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I spend alot of time hunting the San Jac River near Conroe. I've had some luck, found 2 earlier this week(Gary and Early triangular). Whats the best way to hunt in and around this river? I usually just walk the exposed rock beds looking for jagged edges.
I haven't been there, but Redman has, and one tip is that the river is surely owned by the State, so taking anything off state land is now a felony if you are caught. Be sure of where these boundaries are at when you go hunting! Good Luck!
I don't think coogfan was asking what is legal and what is not.
A member here named Roy hunts the San Jac pretty regularly. I think it might be the guy you met on the river a little while back? I'm sure he has some pointers.
It was Roy I met at the river a while back. What says you Roy? Had any luck as of late?
hello,i have talked to gamewardens in the area.picking up points is fine in the river.i just walk and most people sift in the rock beds.i'll be posting pics. soon
Looking forward to the pics. Have you been on the river lately?
Well now, Take a look at a Texas road map and you will see that much of the area drained by the San Jacinto River is in the Sam Houston National Forest.
Federal Archeological Resources Act of 1979, Public Law 95-96, U.S.C. 470 prohibits the collection of artifacts on Federal Lands including all National Forests without a permit. Permits are only issued to qualified professional archeologists.
The Antiquities Code of Texas, Natural Resources Code, Title 9. Chapter 19 forbids collecting artifacts on all state lands to include Territorial Waters without a permit. Permits are only issued to qualified professional archeologists.
Federal Admiralty Jurisdiction Code 25 U.S.C., Section 1333 defines those rivers and riverbeds within a state's jurisdiction to be State Territorial Waters.
Part of the area in question is in TPWD Region 9, District 1. Captain Fred Churchill 979 260-1372 is in charge of that district and the associated Texas Game wardens in that district. Give him a call and see if he and his wardens condone the breaking of the above statutes.
Is that really YOU ? ? ? ? ? We thought you might have gone to flint heaven...good to hear from you again.
Your few words in this matter help all surfacers.
I talked to the president of PALEONTALOGICAL SOCIETY OF AUSTIN [ fossil people ] they go on monthly field trips to a wide variety of locations, from road cuts to dam spillways. He said only ONCE in ten years have they ever been asked to leave by a police type.
The The judgement was that it's up to local discression what to enforce and why [ traffic or spillway dangers ??
Last year checked with the LCRA people that have huge jurisdiction rights over the Colorado river, IF your OK with the dry land owners they have no problem with surfacing...ABSOLUTLY NO DIGGING, SCREENING OR SCRATCHING ANYWHERE.
Just TODAY, the Pecker and I walked a near Austin Creek....DIS -ASTER ! ! ! ! Wish you and your expertise were there with us. Found ZERO but the worst probably was that it was heavily algaed over and whatever may have been there was well disguised even after a recent washout rain.
Rotten SLIPPERY...I gotta get off the subject...She's got a few pics She might post [ if and when she stops crying !!]
Redman & Hal, Thank you for your specific inputs here. After all, he did request tips and advise. I know Fred Churchill, he used to be based at Georgetown and Round Rock....and believe me when I say that you don't want to get busted by him! He has jailed and fined Many ah digger in Williamson County in the past.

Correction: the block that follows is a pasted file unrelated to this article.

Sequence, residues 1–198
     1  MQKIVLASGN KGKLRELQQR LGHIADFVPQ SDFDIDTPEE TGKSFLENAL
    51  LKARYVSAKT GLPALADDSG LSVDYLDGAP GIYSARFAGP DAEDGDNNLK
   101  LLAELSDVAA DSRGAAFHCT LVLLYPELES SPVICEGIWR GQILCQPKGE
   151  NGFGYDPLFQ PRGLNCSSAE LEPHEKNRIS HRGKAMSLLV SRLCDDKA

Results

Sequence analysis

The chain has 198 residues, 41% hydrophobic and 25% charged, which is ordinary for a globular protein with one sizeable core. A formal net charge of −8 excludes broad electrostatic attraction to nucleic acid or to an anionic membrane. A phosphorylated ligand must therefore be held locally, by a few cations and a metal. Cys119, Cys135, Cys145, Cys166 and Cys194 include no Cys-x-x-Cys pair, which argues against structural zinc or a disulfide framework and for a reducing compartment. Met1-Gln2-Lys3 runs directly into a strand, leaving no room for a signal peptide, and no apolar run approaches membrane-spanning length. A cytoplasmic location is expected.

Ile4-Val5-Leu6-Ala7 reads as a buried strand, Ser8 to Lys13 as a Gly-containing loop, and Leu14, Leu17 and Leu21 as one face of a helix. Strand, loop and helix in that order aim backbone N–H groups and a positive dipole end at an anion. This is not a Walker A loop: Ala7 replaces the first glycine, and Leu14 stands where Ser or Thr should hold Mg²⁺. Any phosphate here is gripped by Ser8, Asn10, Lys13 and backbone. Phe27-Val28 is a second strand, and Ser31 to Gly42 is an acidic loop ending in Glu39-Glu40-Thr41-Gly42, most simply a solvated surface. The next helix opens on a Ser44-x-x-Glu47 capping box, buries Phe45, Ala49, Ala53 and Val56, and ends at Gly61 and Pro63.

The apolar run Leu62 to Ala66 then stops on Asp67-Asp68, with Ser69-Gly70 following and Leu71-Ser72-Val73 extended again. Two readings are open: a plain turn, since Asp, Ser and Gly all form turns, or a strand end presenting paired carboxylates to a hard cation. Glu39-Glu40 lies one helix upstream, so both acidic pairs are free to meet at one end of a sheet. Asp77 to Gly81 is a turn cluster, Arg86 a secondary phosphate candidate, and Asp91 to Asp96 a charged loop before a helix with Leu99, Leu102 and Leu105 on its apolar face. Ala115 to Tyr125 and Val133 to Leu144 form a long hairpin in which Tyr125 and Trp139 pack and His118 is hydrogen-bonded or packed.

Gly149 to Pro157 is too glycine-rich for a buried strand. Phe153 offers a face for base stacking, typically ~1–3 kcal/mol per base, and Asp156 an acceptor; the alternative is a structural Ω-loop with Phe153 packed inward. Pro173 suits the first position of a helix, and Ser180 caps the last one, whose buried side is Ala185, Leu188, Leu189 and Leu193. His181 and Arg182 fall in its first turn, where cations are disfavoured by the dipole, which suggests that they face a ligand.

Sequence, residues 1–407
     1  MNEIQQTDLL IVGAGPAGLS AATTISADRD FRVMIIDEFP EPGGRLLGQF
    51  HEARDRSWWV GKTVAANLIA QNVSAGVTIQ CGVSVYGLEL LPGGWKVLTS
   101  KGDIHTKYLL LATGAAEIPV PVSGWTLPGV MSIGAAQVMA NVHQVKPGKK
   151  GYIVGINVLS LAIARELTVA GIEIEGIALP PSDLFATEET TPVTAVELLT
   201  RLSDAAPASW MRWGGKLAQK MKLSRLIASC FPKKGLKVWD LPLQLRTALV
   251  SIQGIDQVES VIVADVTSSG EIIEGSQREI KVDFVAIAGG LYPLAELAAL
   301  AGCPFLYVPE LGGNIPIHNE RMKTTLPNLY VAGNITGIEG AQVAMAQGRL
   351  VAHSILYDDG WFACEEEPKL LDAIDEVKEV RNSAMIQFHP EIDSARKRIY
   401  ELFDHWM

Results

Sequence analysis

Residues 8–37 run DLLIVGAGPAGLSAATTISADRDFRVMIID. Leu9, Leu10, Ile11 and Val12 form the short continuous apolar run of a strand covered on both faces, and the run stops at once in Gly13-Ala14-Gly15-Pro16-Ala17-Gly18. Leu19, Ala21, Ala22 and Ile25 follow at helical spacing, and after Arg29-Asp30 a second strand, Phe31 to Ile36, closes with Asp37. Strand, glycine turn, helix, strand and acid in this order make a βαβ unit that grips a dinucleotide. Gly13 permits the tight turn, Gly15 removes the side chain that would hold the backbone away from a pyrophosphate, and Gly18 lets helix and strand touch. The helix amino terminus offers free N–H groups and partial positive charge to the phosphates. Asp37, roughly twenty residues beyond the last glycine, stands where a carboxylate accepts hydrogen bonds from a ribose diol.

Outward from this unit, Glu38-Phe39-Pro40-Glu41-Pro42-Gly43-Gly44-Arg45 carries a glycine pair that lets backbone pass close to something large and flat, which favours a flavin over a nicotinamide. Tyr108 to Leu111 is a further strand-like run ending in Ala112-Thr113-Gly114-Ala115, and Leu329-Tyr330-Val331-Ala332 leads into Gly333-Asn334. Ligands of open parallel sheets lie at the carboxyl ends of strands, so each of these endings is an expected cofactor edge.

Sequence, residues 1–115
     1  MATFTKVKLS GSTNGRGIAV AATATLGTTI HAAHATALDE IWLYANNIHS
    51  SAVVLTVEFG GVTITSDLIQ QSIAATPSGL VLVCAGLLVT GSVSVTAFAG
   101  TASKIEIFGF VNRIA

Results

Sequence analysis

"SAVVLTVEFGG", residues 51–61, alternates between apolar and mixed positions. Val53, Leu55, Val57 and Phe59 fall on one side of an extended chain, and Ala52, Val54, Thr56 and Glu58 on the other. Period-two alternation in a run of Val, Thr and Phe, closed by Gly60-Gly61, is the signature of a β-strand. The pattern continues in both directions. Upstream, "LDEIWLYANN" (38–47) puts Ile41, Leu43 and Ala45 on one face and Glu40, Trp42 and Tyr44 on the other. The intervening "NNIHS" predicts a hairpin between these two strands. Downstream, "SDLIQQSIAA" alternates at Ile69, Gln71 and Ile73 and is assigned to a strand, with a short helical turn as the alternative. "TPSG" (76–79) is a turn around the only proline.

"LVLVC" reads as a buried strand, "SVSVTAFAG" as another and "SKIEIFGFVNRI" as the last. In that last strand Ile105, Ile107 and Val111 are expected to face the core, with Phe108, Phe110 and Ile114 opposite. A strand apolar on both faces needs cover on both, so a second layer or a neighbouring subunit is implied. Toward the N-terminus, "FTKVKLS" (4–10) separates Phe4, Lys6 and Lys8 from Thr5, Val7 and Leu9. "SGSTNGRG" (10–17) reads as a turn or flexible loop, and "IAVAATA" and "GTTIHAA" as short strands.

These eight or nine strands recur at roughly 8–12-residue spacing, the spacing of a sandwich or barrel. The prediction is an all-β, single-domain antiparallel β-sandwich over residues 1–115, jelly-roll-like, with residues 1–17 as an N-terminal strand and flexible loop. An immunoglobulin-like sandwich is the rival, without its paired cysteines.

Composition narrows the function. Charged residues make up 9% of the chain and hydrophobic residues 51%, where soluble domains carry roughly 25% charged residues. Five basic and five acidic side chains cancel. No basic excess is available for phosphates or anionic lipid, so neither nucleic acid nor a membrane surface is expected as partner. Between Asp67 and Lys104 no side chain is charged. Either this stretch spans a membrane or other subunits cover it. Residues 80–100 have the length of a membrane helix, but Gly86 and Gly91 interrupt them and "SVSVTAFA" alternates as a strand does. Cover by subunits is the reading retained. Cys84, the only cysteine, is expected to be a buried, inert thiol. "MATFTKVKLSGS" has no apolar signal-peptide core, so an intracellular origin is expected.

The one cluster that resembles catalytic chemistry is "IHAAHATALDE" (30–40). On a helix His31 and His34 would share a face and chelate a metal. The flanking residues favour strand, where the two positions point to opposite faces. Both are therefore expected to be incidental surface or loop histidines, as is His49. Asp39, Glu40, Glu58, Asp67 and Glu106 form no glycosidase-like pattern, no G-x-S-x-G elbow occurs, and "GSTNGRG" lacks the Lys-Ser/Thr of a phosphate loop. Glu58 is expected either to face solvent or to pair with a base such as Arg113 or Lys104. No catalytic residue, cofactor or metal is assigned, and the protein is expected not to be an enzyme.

So besides the legal advise what are some tips for finding points on a rock bed? Should I focus primarily on shapes, color or size? Will I have more luck looking on beds with small rock or Larger peices? Should I focus close to the bank or waters edge? Thanks.
I've had my best luck in gravel beds that get exposed after the waters go down....Most of the stuff is washdown from another site, usually on private property that I can't get on...Don't know if you like them or not, but I find a lot of fossils in those same beds....It is kinda cool to find a piece of stone that was once a living, breathing animal and is sixtyfive million years old
Hey Coog, stop holding out on us and post up your lastest finds!
Coog, your last entreaty really got to me, I dont think you fully realise how close you hit to reality.
Your words "Shall I consentrate on shape, color or size " The fact is that the human eye only transmits information to the brain.....As lofty as it sounds, the brain must be TRAINED to react the way you want it to. The ONLY way is practice and experience and it would be simaltaniously processing all three factors you listed. Thats probably not the answer
you hoped for, but it's true.
Other red hot tips...DONT waste time in drainages with big algae covered slippery rocks.
Yes, depending on the stream, THINGS do classify themselves out. My best example would be Pecker's
creek find years ago of shark / ray TEETH along the lip of a fine silt line along a gravel bar [ THAT is a well trained Brain !! ] Most were about quarter inch, a few half inch.
The mind boggles to consider how long Roy's brain has been in school !
Coogfan, when I have hunted amidst rock beds on creeks and rivers, I concentrate on the gravel bars, and especially sand and gravel that has washed up against a boulder or rock ledge that tends to block or channel flows. Wherever sand and gravel has backed up against something holding it in place can be a good spot, and I do sift it when there is no wet soil and clay. I did this on the upper devils river years ago and had good luck, the same along Barton creek in Austin, and the upper Pecos River. The common denominator was finding points within the bottom 3 inches over bedrock. Hope this helps.
Thanks for the input.